FERC Takes First Steps in Harmonizing Gas and Electricity Markets

After two years of work, about a dozen conferences and meetings, and multiple rounds of comments, the Federal Energy Regulatory Commission (FERC) announced on Mar. 20 that it was ready to begin the process of changing its rules to better harmonize the natural gas and electricity sectors.

The process began in early 2012 when FERC first called for comments from the industry on various aspects of gas-electric interdependence, in light of the growing importance of natural gas–fired power and several incidents that had highlighted potential problems in making sure gas-fired plants had fuel to operate when needed, without disrupting supplies for other users. The response was enthusiastic enough that FERC scheduled a series of technical conferences to gather information and opinions on the best path forward.

One of the main issues that arose was the lack of coordination between the gas day and electric day. Both sectors use day-ahead scheduling, but some important physical and operational differences exist. While FERC recognized that some of these—such as vastly different storage methods and capacities, as well as different speeds at which gas and electricity travel—are inherent in the nature of the products, others involve business practices that have created arguably unnecessary conflicts.

End of the Guessing Game

For example, in many markets, gas-fired generators, most of whom rely on interruptible pipeline service, must reserve gas transportation services before they know for sure how much electricity they will be committing to produce. If they chose to wait until their commitments are known, they risk not having enough fuel to meet them. While not always a serious concern, this risk becomes acute during periods of constraint. (For some examples, see “New England Struggles with Gas Supply Bottlenecks” in the June 2013 issue and “About That Gas-Fired Power Boom…” in the April 2014 issue, available at

Accordingly, FERC’s Mar. 20 Proposed Rule would do three things:

  • Move the start of the gas day up by 5 hours, from 9 a.m. Central Time to 4 a.m. Central Time.
  • Delay the start of the first day-ahead nomination opportunity for pipeline scheduling by 90 minutes, from 11:30 a.m. to 1:00 p.m.
  • Change the structure of the gas day to create four intraday nomination cycles from the current two.

The rationale behind these changes is to allow electric utilities to finalize their scheduling before gas-fired generators must submit nomination requests for gas transportation service to the pipelines, as well as to increase flexibility for shippers during the gas day. The gas day currently begins during morning ramp or morning peak periods for generators, which creates the risk they may run out of gas from the previous day. The change would reduce this risk by moving the start of the gas day well before the morning ramp.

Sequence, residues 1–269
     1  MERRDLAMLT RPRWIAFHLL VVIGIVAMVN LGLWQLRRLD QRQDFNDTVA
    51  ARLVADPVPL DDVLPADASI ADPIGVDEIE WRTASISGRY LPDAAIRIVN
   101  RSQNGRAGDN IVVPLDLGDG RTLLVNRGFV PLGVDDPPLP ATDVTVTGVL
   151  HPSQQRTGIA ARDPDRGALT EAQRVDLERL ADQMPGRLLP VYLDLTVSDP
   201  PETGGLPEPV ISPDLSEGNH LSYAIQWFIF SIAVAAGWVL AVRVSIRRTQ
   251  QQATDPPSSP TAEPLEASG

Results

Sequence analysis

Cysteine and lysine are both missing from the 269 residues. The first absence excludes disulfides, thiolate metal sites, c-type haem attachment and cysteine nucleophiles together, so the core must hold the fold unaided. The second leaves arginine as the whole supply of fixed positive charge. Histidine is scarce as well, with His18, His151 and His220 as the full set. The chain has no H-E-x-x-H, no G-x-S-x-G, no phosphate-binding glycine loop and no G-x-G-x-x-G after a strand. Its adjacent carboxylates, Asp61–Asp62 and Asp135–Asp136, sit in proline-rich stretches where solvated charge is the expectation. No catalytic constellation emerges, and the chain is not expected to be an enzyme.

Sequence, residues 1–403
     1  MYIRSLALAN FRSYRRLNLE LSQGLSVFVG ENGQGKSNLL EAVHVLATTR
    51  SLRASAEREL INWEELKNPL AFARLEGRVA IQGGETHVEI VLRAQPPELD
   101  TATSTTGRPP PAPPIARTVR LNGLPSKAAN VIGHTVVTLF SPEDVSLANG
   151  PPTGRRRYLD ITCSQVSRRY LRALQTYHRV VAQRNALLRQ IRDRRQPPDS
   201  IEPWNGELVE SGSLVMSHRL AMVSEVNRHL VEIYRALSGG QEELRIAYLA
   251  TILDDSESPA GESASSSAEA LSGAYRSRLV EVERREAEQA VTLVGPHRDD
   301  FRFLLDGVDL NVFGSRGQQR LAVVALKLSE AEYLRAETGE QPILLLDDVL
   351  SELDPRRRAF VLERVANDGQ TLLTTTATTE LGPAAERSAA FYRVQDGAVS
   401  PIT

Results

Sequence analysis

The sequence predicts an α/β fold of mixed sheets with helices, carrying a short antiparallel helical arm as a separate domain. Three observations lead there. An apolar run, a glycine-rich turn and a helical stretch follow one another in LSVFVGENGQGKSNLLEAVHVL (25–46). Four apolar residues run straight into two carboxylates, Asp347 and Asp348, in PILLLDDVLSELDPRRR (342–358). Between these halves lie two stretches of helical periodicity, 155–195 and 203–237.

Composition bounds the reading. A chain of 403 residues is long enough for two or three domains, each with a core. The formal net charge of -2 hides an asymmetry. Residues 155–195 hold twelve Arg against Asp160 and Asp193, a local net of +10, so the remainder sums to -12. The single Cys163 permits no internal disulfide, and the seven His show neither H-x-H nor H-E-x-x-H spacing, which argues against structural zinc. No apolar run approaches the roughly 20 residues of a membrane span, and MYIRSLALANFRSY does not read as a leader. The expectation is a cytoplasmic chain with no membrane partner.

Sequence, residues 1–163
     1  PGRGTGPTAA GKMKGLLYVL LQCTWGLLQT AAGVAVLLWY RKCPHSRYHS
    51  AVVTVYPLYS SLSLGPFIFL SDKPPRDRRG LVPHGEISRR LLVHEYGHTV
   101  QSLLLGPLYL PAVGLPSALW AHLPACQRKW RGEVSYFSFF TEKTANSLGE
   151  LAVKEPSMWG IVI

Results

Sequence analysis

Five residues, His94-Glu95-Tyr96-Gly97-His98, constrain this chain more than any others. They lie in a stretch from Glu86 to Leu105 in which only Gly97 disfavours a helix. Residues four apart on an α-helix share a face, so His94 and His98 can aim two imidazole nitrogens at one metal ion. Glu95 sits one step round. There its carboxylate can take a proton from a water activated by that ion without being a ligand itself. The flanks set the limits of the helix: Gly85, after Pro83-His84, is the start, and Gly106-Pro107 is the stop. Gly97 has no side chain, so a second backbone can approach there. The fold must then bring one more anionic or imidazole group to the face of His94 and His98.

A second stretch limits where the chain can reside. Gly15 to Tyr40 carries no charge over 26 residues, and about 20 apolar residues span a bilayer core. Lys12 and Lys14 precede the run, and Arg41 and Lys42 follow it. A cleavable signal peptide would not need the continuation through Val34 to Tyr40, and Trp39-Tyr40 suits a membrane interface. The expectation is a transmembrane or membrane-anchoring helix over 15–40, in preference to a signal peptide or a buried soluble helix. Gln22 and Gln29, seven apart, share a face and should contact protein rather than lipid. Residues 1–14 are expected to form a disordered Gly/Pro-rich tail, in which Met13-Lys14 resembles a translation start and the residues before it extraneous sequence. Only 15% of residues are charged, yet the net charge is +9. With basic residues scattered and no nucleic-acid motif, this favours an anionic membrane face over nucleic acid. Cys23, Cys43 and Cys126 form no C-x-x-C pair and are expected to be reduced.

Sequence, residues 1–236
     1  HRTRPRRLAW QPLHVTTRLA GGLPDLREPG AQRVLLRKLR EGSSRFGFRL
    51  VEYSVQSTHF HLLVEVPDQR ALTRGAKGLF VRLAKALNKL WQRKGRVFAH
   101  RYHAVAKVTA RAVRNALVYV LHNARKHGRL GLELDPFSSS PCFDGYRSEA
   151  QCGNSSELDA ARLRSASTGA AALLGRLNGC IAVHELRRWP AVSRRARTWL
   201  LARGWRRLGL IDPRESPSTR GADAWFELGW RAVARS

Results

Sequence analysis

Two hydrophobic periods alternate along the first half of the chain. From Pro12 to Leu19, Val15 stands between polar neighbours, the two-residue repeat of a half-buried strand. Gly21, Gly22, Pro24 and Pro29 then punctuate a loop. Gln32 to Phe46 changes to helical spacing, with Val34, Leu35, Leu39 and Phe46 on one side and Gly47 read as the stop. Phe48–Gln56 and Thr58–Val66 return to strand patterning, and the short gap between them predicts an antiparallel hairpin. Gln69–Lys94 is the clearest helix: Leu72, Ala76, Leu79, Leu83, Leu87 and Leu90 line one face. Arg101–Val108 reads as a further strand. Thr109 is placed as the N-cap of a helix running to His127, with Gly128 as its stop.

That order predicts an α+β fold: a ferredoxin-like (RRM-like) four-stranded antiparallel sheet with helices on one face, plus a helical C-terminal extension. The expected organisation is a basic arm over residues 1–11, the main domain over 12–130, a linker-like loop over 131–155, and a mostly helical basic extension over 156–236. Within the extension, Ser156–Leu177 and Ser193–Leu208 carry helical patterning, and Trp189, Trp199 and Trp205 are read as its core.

Likewise, delaying the first nomination cycle would allow electric markets to clear when gas markets are most liquid, at the start of the day-ahead nomination process. Thus, gas generators would know what their commitments are before they must begin arranging fuel to meet them, allowing them to make reservations at the most economic time.

More Flexibility

The additional intraday nomination cycles are intended to address a couple of concerns. First, they will give independent system operators with large fleets of gas generators, like PJM, more flexibility in addressing real-time fluctuations in electricity demand.

Second, generators in the Southwest, where firm transportation service is more common for gas-fired plants, are handicapped in making the best use of it. Under the current system, the last nomination cycle in which these generators can request firm service and be assured of getting it is at 8:00 a.m. Pacific Time (the second intraday deadline at 2:00 p.m. Pacific does not allow firm shippers to bump interruptible service requested in an earlier cycle). This is a problem when peak demand in their area—which can spike rapidly as large amounts of solar go off the grid—does not occur until around 5:00 p.m., which greatly reduces the value of expensive firm service.

FERC’s proposed rule would change the current intraday nomination deadlines from 10:00 a.m. (bumping allowed) and 5:00 p.m. (no-bump) to 8:00 a.m. (bump), 10:30 a.m. (bump), 4:00 p.m. (bump) and 7:00 p.m. (no-bump) (all Central Time). Though some shippers already offer additional nomination cycles, this rule would standardize the practice nationwide. Further, for these shippers, the rule clarifies that bumping is permitted under such additional nomination schedules up until the no-bump deadline in the new rule.

The rule contains one additional change concerning transportation contracts. FERC currently allows—but does not require—pipeline companies to offer multiparty contracts under which multiple shippers can share in the same interstate capacity under a single service agreement. The change would make this option mandatory. The goal, again, is increasing options for gas-fired generators.

FERC is giving the gas and electric industries, through the North American Energy Standards Board, until Sept. 24, 2014, to reach a consensus on the proposed rule and any revisions. Whether or not a consensus is reached, comments on the proposal, and the consensus standards, if any, will be due 60 days later. ■

Thomas W. Overton, JD is a POWER associate editor (@thomas_overton, @POWERmagazine).

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